Real Pickles: Financing Case Study

Community Investment in the Local Food System

How a small local food business in western Massachusetts preserved its social mission through transitioning to a worker-owned cooperative and using an innovative financing strategy.

Authored by: Jonathan Ward, Special Projects Intern, Community Involved in Sustaining Agriculture (CISA)

With significant contributions from:

Margaret Christie, Community Involved in Sustaining Agriculture (CISA)
Addie Rose Holland & Dan Rosenberg, Real Pickles
Jeff Rosen, Solidago Foundation
Sam Stegeman, Pioneer Valley Grows (PVGrows)

Worker-owners with fresh cucumbers at Real Pickles in Greenfield. Photo: Real Pickles


“We’re re-writing the standard storyline for a successful organic food business,” says Dan Rosenberg, founder of the twelve-year-old Greenfield, Massachusetts company Real Pickles, which makes naturally fermented and raw pickles from regionally-grown vegetables in a 100% solar-powered facility. Instead of selling their growing company to a large industrial food corporation, as happens so often with successful natural products businesses (think: Odwalla, Naked Juice, Tom’s of Maine, Stonyfield, and so on), Rosenberg and his wife Addie Rose Holland (who had joined him in running the business in 2004) went the other direction, deciding to keep Real Pickles small, locally owned, and mission-driven. In late 2012, Rosenberg and Holland formed a worker-owned cooperative with other staff members, and funded the co-op’s purchase of the business through a highly successful community investment campaign that raised a half-million dollars.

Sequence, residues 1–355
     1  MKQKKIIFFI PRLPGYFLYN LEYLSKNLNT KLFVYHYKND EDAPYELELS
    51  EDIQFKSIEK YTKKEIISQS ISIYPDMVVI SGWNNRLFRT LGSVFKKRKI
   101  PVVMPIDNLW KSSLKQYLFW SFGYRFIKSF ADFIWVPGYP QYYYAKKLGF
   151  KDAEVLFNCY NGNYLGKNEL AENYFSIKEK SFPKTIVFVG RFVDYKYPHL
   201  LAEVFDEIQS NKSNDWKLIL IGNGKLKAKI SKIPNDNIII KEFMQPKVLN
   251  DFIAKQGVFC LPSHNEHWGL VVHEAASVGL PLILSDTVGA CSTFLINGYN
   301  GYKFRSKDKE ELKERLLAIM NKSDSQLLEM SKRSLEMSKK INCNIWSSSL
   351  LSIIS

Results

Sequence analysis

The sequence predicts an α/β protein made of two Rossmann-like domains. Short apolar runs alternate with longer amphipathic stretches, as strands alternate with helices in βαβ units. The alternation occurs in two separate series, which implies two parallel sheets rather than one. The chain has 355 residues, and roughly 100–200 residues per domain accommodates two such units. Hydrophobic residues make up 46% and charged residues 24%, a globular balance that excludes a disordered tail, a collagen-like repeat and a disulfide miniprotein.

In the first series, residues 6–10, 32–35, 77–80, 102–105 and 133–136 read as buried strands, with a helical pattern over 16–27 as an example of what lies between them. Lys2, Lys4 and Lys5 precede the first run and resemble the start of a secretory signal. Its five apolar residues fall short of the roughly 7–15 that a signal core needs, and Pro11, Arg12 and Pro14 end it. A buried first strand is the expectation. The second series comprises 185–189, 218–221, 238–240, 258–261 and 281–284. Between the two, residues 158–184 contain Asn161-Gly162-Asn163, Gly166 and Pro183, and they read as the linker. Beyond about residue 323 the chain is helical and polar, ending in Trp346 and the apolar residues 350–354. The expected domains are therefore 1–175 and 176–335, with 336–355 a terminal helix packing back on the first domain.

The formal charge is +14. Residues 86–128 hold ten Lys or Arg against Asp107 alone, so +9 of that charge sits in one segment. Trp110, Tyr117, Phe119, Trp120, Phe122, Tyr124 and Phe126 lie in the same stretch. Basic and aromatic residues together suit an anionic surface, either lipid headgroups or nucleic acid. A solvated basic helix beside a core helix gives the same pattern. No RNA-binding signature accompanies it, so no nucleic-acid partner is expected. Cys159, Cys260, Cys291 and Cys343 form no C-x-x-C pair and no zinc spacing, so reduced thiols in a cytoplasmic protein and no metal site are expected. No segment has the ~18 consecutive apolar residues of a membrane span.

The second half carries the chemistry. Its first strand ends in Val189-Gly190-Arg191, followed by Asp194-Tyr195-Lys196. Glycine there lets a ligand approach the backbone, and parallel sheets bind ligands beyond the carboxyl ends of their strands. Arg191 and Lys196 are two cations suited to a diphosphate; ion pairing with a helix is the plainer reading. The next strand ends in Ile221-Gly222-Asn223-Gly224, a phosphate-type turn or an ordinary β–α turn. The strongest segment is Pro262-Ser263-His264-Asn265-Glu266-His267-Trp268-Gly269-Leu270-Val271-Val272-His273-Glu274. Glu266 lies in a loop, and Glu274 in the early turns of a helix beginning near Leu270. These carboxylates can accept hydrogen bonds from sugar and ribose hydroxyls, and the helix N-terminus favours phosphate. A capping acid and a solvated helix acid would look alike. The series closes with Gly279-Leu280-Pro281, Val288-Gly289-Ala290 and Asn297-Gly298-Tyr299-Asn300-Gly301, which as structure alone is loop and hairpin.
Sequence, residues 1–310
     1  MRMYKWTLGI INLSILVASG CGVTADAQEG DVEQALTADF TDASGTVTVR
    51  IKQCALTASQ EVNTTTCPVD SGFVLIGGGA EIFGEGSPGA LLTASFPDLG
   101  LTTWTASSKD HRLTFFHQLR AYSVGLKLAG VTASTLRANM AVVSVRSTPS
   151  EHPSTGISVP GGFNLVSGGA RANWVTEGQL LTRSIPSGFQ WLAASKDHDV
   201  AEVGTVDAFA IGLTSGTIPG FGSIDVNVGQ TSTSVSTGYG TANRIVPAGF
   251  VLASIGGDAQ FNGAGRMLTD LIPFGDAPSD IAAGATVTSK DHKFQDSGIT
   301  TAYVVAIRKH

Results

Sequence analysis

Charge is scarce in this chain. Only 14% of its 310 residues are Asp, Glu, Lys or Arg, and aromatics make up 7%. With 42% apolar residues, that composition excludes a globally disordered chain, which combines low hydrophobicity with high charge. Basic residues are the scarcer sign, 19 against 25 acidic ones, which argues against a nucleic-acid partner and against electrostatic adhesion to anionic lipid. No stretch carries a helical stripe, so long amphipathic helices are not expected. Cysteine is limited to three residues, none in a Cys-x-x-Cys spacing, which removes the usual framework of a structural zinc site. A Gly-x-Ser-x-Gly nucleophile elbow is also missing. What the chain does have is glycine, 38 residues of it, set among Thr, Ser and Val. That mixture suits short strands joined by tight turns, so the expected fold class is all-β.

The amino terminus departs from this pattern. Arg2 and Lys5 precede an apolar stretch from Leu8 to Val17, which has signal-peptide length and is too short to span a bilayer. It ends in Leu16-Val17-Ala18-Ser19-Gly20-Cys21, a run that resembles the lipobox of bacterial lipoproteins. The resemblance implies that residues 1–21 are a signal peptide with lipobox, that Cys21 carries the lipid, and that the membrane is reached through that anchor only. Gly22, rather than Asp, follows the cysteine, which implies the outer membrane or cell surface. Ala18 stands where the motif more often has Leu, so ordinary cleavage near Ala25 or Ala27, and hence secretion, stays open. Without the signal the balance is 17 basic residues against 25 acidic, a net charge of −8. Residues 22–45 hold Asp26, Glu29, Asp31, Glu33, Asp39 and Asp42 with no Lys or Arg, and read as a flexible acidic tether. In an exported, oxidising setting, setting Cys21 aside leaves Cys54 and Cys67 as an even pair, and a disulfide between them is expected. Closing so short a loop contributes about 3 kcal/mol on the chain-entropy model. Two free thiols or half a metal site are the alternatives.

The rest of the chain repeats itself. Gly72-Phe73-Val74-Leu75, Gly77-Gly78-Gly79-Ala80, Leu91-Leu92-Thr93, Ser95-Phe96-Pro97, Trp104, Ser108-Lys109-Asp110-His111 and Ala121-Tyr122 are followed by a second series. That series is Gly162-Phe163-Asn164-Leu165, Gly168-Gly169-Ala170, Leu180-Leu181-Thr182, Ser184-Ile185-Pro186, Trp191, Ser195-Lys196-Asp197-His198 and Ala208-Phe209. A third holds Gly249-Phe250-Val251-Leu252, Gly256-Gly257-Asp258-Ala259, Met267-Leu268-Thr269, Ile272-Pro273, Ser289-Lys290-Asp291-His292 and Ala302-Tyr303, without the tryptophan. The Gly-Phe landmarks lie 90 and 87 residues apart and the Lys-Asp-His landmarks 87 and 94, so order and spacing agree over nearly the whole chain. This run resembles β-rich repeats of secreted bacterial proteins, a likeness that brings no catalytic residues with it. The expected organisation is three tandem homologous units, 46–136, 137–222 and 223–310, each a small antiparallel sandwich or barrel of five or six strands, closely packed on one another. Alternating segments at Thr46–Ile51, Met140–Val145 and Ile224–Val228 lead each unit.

Transitioning to worker-ownership gave the company a way to protect its social mission. Since its founding, Real Pickles has been committed to promoting human and ecological health by providing people with delicious, nourishing food and by working toward a regional, organic food system. In order to help ensure that this mission would continue, the worker-owners inscribed these principles in the co-op’s organizing documents, and made them very difficult to change. Still, even after organizing the cooperative structure, the worker-owners needed to raise a half-million dollars to buy the business from Rosenberg and Holland. They considered a number of options for financing, from subordinated debt to equity. In making these decisions, the worker-owners drew from the experience that one of them had had working with Equal Exchange, a successful cooperative that has a long history of raising capital by selling non-voting preferred stock. Later, they sought the expertise of the PVGrows collaborative network in western Massachusetts. A financing expert in PVGrows also connected Real Pickles to Cutting Edge Capital, a pioneering law firm in the Bay Area that helped them navigate many legal hurdles. In the end, the worker-owners decided that the best way for them to raise $500,000 was to sell non-voting preferred stock through a direct public offering. Real Pickles officially launched a community investment campaign in March 2013. Astonishingly, in just two months, the campaign was over. Seventy-seven investors – a mix of individuals, customers and suppliers, even a number of other co-ops – together invested $500,000, which allowed Real Pickles to fully transition to worker-ownership.

With interest growing in scaling up local food systems, the story of Real Pickles’ co-op transition and community investment campaign offers important lessons. Communities need businesses that can model ways to stay small, vibrant, and locally owned. This story is both inspirational and rich in technical detail so that others can speak about it, replicate it, and, ultimately, build upon it to fit their own visions of resilient local economies.

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